• Reduced Administrative Overhead. Any time you can reduce the number of management consoles you have to work with, you can reduce the amount of time needed to manage information. Without the advantage of consolidating the management of DNS and Active Directory in the same console, you would have to manage your Active Directory domains and DNS namespaces separately. Moreover, your DNS domain structure mirrors your Active Directory domains. Any deviation between Active Directory and DNS makes management more time-consuming and creates more opportunity for mistakes. As your network continues to grow and become more complex, managing two separate entities becomes more involved. Integrating Active Directory and DNS provides you with the ability to view and manage them as a single entity.
• Automatic Synchronization. When a new domain controller is brought online, networks that have integrated DNS and Active Directory have the advantage of automatic synchronization. Even if a domain controller will not be used to host the DNS service, the ADI zones will still be replicated, synchronized, and stored on the new domain controllers.
• Secure Dynamic. DNS Additional features have been added that enhance the security of secure dynamic updates.
A reverse lookup zone is an authoritative DNS zone that is used primarily to resolve IP addresses to network resource names. This zone type can be primary, secondary or Active Directory–integrated. Reverse lookups traverse the DNS hierarchy in exactly the same way as the more common forward lookups.
Stub zones are a new feature introduced in Windows Server 2008. They contain a partial copy of a zone that can be hosted by a DNS server and used to resolve recursive or iterative queries. A recursive query is a request from a host to a resolver to find data on other name servers. An s query is a request, usually made by a resolver, for any information a server already has in memory for a certain domain name. Stub zones contain the Start of Authority (SOA) resource records of the zone, the DNS resource records that list the zone’s authoritative servers, and the glue address (A) resource records that are required for contacting the zone’s authoritative servers. Stub zones are useful for reducing the number of DNS queries on a network, and consequently the resource consumption on the primary DNS servers for that particular namespace. Basically, stub zones are used to find other zones and can be created in the middle of a large DNS hierarchy to prevent a query for a distant zone within the same namespace from having to ascend, traverse, and return over a multitude of zones.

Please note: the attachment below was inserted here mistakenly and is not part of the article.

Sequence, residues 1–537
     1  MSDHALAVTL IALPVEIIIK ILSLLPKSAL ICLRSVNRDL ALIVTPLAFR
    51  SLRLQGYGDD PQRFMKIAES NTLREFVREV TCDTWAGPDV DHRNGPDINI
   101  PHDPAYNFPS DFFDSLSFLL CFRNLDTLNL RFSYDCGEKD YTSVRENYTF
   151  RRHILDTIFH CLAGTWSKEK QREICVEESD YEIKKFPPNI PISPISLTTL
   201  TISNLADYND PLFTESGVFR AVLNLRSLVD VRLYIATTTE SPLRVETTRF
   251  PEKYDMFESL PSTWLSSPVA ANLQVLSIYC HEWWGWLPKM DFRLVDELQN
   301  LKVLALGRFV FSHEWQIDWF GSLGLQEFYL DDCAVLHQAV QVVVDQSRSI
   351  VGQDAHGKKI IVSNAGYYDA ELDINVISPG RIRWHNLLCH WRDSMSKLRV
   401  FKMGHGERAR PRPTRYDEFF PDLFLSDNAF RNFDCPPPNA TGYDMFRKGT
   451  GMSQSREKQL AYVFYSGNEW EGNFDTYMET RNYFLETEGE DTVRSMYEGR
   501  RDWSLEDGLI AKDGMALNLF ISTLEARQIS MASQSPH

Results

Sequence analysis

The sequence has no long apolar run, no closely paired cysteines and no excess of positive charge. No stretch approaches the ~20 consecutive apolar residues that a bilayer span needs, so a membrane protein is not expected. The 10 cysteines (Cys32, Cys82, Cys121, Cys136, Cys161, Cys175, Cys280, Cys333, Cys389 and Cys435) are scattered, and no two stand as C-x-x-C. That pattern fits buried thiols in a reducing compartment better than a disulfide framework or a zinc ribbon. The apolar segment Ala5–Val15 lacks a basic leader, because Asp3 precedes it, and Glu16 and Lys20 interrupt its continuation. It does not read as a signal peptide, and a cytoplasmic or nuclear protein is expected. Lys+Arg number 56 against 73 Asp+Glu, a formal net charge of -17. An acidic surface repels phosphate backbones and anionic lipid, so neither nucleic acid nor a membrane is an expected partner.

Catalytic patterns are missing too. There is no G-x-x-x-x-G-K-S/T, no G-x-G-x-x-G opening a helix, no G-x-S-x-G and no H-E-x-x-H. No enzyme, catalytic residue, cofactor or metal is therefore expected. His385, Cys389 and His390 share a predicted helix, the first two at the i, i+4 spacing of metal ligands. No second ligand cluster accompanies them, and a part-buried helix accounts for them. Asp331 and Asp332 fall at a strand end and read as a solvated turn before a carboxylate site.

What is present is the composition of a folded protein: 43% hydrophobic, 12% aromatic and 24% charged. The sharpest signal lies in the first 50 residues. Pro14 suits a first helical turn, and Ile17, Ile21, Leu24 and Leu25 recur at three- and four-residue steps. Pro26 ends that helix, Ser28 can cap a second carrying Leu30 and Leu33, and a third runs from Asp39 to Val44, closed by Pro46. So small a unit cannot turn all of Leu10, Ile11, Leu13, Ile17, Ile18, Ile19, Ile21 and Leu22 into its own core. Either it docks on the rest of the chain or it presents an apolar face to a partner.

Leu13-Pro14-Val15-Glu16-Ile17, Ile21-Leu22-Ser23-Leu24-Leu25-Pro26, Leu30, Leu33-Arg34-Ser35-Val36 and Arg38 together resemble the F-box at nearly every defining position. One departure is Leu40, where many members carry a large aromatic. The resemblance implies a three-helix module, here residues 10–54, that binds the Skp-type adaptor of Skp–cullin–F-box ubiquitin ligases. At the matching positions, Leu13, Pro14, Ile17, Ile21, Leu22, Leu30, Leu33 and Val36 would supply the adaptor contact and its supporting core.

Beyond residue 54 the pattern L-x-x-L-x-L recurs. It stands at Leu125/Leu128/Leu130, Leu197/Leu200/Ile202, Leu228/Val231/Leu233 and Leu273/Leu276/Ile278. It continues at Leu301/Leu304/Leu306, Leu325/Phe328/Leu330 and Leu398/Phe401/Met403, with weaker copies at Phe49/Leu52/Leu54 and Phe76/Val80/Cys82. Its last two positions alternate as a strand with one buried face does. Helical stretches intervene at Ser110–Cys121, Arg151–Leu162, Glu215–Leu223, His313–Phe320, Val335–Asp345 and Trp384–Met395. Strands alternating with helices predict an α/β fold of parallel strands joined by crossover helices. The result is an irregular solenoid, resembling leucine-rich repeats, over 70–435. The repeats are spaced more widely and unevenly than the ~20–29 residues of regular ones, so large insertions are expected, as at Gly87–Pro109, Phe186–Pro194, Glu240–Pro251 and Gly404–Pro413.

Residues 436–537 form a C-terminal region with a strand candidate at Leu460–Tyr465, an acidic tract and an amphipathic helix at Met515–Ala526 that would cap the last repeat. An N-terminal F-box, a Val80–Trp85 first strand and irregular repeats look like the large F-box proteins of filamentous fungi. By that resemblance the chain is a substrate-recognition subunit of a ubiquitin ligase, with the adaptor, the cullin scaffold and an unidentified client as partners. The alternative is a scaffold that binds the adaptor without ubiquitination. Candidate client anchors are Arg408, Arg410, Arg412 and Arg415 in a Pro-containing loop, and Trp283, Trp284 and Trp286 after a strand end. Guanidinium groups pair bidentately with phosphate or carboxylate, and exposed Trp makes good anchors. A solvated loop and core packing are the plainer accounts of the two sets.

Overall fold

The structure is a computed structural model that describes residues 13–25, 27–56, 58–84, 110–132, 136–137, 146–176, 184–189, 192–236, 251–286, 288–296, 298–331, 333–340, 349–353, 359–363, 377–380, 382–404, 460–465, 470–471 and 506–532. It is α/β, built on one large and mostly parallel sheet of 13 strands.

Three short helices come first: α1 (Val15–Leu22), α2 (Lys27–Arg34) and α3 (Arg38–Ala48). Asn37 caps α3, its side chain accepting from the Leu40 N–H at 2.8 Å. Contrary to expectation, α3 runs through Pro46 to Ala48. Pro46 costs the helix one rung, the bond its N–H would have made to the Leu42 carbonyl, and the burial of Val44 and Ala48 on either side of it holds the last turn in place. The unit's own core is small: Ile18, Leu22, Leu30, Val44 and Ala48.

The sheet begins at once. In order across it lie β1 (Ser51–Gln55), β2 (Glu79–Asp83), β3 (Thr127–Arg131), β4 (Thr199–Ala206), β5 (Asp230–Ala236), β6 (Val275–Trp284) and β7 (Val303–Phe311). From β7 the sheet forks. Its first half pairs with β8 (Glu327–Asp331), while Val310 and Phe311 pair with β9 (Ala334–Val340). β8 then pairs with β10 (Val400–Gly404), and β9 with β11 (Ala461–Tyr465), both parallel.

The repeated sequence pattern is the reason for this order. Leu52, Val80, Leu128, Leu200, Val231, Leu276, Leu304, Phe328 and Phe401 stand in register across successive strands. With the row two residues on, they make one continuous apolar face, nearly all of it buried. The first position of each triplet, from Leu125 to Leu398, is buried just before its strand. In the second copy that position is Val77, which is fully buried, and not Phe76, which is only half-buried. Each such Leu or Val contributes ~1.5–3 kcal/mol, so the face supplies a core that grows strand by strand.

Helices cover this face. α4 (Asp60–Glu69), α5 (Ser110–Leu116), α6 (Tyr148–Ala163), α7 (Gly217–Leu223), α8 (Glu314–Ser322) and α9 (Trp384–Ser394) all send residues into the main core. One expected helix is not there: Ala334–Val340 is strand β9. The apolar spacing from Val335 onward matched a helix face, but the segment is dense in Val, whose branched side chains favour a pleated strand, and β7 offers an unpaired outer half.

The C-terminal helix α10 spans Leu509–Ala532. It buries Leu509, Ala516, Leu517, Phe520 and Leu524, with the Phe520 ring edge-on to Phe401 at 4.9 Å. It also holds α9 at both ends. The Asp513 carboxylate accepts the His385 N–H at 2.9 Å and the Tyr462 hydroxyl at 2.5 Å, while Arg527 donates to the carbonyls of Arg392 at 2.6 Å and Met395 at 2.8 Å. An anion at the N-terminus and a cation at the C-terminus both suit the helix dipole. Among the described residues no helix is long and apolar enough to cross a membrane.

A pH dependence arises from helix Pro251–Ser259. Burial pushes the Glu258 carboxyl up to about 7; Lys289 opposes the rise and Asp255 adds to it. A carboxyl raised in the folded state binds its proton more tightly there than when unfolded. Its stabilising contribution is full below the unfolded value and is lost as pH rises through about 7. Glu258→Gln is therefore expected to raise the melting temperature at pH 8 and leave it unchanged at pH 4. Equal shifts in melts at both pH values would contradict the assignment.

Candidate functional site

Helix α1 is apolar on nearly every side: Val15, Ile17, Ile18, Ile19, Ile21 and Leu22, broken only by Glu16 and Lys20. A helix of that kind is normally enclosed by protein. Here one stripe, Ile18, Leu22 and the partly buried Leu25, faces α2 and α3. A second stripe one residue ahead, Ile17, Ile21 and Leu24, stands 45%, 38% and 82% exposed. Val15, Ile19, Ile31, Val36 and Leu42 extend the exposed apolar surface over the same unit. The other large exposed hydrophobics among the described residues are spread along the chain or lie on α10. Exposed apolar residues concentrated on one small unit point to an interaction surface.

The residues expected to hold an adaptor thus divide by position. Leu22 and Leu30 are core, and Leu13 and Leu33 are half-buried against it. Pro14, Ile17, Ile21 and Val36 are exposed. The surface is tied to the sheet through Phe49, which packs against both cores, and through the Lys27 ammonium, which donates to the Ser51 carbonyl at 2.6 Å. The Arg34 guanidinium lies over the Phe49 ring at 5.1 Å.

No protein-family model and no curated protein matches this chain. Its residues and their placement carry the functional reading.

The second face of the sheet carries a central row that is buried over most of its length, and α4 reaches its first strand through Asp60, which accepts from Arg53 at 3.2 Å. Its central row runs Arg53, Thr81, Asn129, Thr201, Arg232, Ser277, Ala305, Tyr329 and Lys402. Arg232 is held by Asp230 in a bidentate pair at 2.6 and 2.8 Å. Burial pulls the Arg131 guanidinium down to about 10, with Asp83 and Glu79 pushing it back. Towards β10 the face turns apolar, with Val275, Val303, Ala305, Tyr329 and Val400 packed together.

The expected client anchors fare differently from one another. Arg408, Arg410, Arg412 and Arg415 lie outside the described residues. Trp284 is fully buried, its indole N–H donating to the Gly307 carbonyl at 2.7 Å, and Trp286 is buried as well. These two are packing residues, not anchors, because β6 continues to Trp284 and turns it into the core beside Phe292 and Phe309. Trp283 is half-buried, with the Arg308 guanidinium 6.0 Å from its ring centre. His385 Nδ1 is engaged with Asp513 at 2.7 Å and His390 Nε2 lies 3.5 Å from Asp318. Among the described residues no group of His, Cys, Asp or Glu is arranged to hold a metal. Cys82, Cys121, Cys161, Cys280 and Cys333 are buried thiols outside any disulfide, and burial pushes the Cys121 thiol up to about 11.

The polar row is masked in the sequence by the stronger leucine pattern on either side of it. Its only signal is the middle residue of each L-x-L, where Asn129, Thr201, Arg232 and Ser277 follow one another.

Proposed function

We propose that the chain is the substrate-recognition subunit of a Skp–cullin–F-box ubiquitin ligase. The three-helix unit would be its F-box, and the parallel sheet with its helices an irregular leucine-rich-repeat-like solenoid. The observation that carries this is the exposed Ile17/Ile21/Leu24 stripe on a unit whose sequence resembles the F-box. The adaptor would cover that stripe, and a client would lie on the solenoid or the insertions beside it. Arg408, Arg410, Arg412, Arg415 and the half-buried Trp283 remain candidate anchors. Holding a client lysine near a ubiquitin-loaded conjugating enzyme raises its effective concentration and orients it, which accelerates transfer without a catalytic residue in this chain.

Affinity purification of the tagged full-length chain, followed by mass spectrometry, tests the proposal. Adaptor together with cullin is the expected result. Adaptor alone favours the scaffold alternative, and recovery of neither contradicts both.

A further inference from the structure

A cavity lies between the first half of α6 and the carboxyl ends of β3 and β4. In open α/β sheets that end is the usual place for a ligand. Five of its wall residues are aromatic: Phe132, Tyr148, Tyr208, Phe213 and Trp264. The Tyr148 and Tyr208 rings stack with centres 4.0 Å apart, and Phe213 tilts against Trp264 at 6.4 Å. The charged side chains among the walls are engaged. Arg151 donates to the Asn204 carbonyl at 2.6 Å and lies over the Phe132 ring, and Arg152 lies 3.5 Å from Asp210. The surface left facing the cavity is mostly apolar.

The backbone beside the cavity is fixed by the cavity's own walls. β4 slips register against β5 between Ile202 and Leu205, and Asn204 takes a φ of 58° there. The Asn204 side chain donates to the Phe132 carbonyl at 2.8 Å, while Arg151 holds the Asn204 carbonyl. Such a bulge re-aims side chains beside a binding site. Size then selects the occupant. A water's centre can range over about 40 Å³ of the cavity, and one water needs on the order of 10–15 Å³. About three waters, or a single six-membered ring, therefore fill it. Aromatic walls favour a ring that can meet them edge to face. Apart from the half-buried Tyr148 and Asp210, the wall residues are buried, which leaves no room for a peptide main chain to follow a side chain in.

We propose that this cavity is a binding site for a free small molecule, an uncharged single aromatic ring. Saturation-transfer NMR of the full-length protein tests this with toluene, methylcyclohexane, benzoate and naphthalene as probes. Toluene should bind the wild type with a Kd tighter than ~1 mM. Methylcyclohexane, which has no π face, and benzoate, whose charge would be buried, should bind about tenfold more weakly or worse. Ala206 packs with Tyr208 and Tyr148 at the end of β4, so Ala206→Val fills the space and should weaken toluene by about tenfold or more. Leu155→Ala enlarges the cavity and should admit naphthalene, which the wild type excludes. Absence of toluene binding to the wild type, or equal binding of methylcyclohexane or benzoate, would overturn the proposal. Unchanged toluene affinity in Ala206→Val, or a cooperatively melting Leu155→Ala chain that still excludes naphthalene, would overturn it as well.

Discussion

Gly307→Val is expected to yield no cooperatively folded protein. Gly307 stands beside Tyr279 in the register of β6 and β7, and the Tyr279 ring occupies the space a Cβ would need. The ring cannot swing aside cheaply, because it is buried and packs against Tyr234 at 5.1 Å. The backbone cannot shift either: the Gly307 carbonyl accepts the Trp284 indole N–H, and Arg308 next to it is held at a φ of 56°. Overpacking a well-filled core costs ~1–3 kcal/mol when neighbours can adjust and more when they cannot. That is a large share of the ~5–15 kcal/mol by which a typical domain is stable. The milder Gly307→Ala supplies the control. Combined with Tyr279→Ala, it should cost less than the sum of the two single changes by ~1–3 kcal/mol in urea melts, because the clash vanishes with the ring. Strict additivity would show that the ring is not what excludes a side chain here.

Windows Server 2008 also allows for a special type of Primary Zone—known as an AD integrated zone—which basically means that the data is stored within Active Directory Domain Services, and is replicated to other DNS servers during normal AD replication periods. AD-integrated zones offer a number of benefits, including:
• Secure Dynamic. Updates Systems that are authenticated by Active Directory can update their DNS records. This allows name resolution for clients and servers while eliminating DNS poisoning by rogue systems that create DNS records.
• Automatic Synchronization Zones are created and synchronized to new domain controllers (with DNS installed) automatically.
• Efficient Replication Less data is replicated since only relevant changes are propagated.
Source of Information : Syngress The Best Damn Windows Server 2008 Book Period 2nd Edition